Saturday, November 7, 2009

Bt Brinjal- The Indian Chapter

India’s biotechnology regulator Genetic Engineering Approval Committee (GEAC), on October 14th gave its green signal to the environmental release of Bt brinjal, the first genetically modified food crop to be allowed in the country. With this, a debate has gripped the entire nation of whether or not to allow GM food crops as this could be a precedent for many other such crops.

Though GEAC has put its stamp on the crop, the final decision rests with the Union Environment Minister, Mr. Jairam Ramesh who has explicitly averred that the matter will be treated with no urgency and only after public deliberations will a final decision arise. However, apart from environment minister Jairam Ramesh’s nod, commercial cultivation of the genetically modified vegetable will require approvals from the ministries of agriculture and health and family welfare.

Currently, Bt cotton is the only genetically modified crop allowed for commercial cultivation and its introduction was prompted by its pests becoming increasingly resistant to pesticides. The commercial cultivation of Bt cotton has reportedly increased cotton yield from 308kg per hectare in 2001 to 508kg per hectare in 2006. The success of Bt cotton in India has in fact raised hopes for Bt brinjal as well. Although brinjal may not transform India’s fortune as was the case with Bt cotton, it might as well clear the deck for many such similar interventions.

The most prominent thing that irks the supporters as well as its critics is the absence of a labeling mechanism for foods in India. This will deprive the consumers to make an informed choice about the foods they consume. More over the labs in the country are not at present capable of identifying GM products, and there is also a big question hovering of who will regulate these products. Whether it will be the Ministry of Food, or will it be Health; Environment or Science and Technology or is there any other separate ministry to be formed in the future to look into the GM matters. Without a clear agreement on these issues, a decision cannot be arrived on this matter. But the time granted should be used constructively to assess the impact of the Bt Brinjal on the Socio – Economic tapestry of Indian Agriculture.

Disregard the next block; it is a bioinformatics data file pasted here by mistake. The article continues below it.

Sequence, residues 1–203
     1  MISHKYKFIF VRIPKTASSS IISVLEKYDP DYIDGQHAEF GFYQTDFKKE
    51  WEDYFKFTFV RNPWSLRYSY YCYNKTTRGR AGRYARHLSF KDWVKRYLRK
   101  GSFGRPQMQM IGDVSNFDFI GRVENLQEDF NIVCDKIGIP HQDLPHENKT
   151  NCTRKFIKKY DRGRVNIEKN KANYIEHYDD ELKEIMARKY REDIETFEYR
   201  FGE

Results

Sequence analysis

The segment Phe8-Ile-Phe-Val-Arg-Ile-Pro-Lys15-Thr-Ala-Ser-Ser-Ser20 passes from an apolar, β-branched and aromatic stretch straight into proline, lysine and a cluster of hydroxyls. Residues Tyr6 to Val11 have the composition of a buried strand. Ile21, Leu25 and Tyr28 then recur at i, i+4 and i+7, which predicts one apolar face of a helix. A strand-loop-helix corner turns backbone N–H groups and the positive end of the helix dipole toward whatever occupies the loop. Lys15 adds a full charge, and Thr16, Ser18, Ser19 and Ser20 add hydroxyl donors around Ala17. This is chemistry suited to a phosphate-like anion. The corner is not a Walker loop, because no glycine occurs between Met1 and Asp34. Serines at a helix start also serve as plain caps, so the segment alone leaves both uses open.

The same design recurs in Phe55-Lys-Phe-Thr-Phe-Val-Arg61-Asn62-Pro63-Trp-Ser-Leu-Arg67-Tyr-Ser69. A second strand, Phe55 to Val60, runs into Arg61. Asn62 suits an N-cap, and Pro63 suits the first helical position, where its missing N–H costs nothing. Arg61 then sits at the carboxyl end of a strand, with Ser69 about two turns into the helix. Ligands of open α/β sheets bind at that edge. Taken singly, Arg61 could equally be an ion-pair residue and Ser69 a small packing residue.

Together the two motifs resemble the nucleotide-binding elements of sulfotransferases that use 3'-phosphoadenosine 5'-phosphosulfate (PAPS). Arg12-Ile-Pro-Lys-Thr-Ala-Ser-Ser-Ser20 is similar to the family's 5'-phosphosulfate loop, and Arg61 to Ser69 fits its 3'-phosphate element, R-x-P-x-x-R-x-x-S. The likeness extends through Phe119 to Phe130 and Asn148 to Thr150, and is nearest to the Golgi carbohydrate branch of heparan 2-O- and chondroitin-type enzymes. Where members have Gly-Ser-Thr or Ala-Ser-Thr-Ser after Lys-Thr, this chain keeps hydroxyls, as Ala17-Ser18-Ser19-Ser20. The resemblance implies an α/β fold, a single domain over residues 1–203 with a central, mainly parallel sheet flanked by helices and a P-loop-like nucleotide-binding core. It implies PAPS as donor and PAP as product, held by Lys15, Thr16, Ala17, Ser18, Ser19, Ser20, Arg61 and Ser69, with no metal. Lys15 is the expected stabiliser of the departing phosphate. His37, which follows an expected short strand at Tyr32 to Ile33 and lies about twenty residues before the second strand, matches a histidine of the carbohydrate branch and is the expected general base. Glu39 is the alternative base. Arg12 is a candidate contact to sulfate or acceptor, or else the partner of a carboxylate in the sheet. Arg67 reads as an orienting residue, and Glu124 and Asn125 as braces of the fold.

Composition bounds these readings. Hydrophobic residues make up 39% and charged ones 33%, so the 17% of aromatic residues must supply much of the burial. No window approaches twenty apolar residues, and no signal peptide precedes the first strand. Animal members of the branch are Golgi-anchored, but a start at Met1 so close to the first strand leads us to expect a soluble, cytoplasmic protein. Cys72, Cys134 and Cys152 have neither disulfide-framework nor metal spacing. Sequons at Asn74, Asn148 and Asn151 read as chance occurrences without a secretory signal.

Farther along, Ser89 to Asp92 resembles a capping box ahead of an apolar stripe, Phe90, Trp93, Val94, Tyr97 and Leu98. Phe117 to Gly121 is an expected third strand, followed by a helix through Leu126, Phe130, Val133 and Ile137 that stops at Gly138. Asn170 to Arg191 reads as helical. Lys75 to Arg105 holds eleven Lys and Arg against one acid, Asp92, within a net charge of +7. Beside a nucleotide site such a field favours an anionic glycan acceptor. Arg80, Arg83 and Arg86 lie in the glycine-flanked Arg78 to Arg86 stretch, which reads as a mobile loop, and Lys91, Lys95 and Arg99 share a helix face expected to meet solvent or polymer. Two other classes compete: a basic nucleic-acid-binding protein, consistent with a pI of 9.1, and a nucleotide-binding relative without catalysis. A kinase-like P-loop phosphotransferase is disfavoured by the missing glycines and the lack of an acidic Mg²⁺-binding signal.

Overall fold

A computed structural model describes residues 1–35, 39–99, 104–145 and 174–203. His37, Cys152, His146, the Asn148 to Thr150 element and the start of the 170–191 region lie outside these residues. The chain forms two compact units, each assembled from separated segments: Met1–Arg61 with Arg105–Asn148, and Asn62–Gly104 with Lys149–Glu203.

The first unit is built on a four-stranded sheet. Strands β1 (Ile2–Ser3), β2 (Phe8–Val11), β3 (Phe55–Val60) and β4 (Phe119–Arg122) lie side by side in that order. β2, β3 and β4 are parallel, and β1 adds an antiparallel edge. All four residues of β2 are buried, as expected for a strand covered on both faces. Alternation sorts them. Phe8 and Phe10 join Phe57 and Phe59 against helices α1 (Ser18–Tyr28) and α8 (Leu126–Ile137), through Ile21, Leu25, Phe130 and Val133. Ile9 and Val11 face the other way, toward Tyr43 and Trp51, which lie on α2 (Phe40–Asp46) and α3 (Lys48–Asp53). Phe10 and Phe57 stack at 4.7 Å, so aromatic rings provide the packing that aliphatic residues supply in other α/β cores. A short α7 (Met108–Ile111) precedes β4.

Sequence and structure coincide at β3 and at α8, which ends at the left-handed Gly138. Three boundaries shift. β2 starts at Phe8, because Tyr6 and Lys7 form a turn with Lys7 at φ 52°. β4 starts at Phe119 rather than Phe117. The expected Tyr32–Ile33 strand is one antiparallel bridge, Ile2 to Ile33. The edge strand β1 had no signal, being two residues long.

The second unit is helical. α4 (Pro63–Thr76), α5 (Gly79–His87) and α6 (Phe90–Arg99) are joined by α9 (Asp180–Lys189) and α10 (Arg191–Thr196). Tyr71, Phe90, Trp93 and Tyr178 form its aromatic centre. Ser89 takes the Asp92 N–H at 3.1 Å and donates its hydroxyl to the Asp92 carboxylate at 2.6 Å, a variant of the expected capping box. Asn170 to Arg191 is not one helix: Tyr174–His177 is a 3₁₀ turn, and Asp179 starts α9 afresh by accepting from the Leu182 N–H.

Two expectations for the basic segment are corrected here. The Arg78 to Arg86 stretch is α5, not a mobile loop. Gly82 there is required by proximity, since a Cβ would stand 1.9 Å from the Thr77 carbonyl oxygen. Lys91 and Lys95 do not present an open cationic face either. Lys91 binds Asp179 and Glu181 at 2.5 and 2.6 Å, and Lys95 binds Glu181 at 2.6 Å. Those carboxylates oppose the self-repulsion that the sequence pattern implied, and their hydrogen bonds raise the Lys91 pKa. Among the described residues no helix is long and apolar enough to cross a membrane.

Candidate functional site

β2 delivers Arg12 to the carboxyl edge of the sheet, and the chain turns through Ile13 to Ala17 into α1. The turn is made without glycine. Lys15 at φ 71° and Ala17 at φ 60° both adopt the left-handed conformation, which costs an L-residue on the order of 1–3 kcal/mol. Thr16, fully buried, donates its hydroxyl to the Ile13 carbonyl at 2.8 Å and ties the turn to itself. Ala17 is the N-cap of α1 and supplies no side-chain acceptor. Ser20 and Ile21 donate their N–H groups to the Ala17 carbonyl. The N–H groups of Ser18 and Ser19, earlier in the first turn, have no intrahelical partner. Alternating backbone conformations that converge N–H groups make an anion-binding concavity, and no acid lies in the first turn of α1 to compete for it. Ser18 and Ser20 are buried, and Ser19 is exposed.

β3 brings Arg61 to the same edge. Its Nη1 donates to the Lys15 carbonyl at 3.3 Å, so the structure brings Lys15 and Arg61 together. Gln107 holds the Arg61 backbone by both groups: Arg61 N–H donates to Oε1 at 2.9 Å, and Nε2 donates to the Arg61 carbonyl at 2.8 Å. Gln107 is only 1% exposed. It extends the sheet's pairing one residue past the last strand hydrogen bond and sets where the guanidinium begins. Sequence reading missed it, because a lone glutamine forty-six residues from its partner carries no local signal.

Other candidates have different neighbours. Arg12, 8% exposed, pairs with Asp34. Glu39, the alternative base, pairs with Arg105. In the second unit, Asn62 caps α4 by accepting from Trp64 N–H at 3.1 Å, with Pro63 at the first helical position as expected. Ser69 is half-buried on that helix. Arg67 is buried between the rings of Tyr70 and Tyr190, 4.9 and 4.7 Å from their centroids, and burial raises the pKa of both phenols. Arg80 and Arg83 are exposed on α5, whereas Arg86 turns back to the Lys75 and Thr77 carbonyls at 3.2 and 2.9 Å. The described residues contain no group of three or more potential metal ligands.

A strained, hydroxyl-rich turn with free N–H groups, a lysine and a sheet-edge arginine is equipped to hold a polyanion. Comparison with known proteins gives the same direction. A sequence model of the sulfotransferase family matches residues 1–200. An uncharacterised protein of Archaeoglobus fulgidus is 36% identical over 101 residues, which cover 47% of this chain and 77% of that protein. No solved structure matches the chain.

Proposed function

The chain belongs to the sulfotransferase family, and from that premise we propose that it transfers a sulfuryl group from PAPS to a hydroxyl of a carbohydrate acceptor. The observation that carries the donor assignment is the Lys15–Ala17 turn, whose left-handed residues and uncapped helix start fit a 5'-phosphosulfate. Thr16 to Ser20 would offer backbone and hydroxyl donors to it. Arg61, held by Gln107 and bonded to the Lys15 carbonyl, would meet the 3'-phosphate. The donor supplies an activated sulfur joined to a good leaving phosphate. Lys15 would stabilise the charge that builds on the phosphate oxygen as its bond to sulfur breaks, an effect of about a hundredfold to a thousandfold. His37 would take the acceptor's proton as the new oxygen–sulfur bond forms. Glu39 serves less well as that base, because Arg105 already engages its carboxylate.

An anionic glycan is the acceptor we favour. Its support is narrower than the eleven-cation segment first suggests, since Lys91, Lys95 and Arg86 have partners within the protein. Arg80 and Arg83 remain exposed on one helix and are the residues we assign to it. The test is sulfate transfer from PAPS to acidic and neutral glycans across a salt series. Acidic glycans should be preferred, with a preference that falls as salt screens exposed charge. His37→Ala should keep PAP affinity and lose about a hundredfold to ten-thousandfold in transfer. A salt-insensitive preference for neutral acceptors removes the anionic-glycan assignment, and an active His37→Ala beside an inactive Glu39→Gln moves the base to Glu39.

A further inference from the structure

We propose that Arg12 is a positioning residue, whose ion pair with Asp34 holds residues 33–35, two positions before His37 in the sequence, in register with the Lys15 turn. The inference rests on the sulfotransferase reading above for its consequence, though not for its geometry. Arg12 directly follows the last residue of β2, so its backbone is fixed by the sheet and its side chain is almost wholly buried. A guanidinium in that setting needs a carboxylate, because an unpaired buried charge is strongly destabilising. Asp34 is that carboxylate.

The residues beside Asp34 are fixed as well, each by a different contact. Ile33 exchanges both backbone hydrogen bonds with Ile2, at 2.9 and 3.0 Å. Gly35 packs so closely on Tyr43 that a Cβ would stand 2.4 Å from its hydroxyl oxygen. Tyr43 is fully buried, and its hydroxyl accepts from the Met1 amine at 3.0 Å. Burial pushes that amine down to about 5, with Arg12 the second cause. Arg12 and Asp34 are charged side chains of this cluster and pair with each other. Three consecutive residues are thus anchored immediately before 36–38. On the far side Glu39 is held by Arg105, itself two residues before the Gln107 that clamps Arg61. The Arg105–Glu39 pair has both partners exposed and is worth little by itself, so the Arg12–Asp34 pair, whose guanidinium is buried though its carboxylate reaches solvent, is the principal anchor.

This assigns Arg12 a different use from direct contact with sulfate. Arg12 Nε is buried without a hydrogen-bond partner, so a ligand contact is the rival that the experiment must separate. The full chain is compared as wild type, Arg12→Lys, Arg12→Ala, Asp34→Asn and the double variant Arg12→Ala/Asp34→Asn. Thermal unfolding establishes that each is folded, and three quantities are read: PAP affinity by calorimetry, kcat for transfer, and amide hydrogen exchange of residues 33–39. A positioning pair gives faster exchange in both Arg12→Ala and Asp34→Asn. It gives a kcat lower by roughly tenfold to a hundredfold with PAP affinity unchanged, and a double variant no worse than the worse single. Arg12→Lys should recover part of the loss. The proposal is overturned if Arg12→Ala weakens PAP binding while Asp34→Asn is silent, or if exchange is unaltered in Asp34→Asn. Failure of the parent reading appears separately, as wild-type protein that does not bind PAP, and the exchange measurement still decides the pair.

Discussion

The ethical angle is going to be another major issue which is going to consume lot of newsprint in the coming months. Though scientific definitions may not delineate GM Brinjal as a vegetable with animal traits, to strict vegetarians willful mixing of bacterial genes may raise serious religious and sensitive issues. Cotton per se never faced this problem as cotton is not a food crop. Though sixty percent of the Cotton plant biomass is indirectly or directly linked to our food system, e.g. Cotton seed oil in our vanspati ghee or cotton leaves as fodder to goats and sheep, we have not yet been exposed to direct GM food crop like GM soybean or GM maize. Approval of GM Brinjal will open floodgates to most of them.

If the advisories of the companies are to be trusted, the transgenic vegetables are as safe as any vegetable available in the market, while Anti GM protesters paint a picture of a very gory world of Seed Corporations ruling the world. So where is the truth, may be somewhere in between. What can the Government do to inform the public, can we ask for every GM food be labeled like our green and red dotted foodstuffs? If after a period of 20 years, GM food is found to be dangerous, something like the discovery of toxicity of DDT after almost fifty years of indiscriminate use, will the mega corps pay for the clean up of whatever extent possible?

One obvious and unwanted fall out of this controversies are the misconceptions created in an uninitiated mind about the amazing science of biotechnology. This branch of genetic sciences has the capacity to change the world. We would definitely not have looked at a biotech Brinjal with suspicion, which produces insulin, or Vitamins, for example, instead of Bt Toxin. Valuable time and resources are being frittered out in search of finding a soybean which resists an herbicide rather than a soybean with double protein content. Maybe a corporation will not find it profitable but it could have gained a little more goodwill. Maybe government can take these initiatives and put forward legislatures to this effect.

- Anjana Nair-

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